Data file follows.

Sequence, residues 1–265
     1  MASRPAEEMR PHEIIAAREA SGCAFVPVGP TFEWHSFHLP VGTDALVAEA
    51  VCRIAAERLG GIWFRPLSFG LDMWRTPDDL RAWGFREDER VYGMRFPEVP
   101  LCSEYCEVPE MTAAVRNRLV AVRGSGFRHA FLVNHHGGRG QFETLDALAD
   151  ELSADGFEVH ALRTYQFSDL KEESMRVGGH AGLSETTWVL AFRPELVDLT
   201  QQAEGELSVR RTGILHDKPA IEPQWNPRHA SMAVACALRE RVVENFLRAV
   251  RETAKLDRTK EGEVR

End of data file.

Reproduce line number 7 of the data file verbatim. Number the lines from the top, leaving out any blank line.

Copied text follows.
   251  RETAKLDRTK EGEVR